Allison's Book Bag

Series for Boys Who Hate to Read

Posted on: April 19, 2013

Is this party safe? Will the big toe of drool be in danger?

It’s a little kid’s birthday party. What could go wrong?

This is a conversation between Fangbone and Bill in The Birthday Party of Dread, the third in the graphic novel series by Michael Rex. To read my thoughts about this low-fantasy parody, check back on Saturday, April 20.


Like many illustrators, Michael Rex learned to draw at an early age and studied at a visual arts school. He had even long been a fan of artwork for children, although he never considered doing it himself. Instead Rex was interested in cartooning and wanted to start his own comic book. As he looked around for a way to make a living off his creations, he began to check out picture books. These felt right to him and his first published book hit the shelves in 1997.  Since that success, Rex has decided that picture books were the right choice for him. As he states at Herman Agency, “What I love about picture books to this day is that there is no set style. Anything goes. The more unique the style, the better.”


According to a blog post last fall about Fangbone, Rex designed the series for boys–especially those boys who hate to read.  He knew that the series was working , when he started getting letters from parents which expressed their appreciation that his books had gotten their son excited to read. At that same post by Rex, you can find a synopsis of all the books published to date, but I’m posting only the summary for book three below because that’s the book I’ll review on Saturday.

Book#3 features Bill having a curse put upon him.  The curse ensures his doom at the hands of a giant beast called “The Crusha.”  Fangbone and Bill are also preparing their entry in the school’s “Invention Convention,” and hatch a plan to trick the monster, and get a good grade on their invention at the same time.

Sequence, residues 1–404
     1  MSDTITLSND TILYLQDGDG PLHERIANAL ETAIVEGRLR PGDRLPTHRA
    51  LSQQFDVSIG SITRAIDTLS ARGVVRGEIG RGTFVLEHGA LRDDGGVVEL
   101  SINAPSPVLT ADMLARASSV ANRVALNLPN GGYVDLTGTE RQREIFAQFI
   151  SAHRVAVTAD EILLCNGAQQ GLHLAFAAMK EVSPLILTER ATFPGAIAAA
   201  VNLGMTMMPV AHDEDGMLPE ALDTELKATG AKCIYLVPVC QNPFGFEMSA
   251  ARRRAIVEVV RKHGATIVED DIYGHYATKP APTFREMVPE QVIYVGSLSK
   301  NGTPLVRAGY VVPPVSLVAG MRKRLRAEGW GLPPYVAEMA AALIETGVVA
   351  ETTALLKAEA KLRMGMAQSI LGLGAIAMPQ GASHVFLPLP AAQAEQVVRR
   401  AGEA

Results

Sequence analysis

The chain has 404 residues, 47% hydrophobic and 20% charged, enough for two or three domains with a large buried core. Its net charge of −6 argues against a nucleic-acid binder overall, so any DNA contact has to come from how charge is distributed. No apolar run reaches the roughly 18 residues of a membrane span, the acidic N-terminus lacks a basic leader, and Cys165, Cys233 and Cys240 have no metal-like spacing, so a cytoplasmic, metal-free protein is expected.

Other fun news is that Disney XD Canada has ordered a full, 22-minute pilot for Fangbone. Rex’s role is that of Executive Producer.  He gets to review, comment, and sign-off on everything.  Rex reports that so far, his comments and suggestions have all been well received. He feels everything has been happening very quickly, as the contracts for the option were only signed in October, and he couldn’t be more thrilled to have such a great group of people working on a pilot for his books.


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Summer Reviews

Books can take connect us with strangers, take us to unique places, and introduce us to new ideas. They can also offer hope in a chaotic world. And so I must share what I read!

Each week, I’ll introduce you to religious books, Advanced Reader Copies, animal books, or diversity books. Some I’ll review as singles and others as part of round-ups. Just ahead, there will be reviews of:

  • Joni: The unforgettable story of a young woman’s struggle against quadriplegia & depression by Joni Eareckson
  • The True Story of the World’s Most Beloved Animal Sanctuary by Samantha Glen
  • Brothers in hope : the story of the Lost Boys of Sudan–refugees by Mary Williams
  • The Inner Life of Cats by Thomas McNamee



Cat Writers’ Association
Artists Helping Animals


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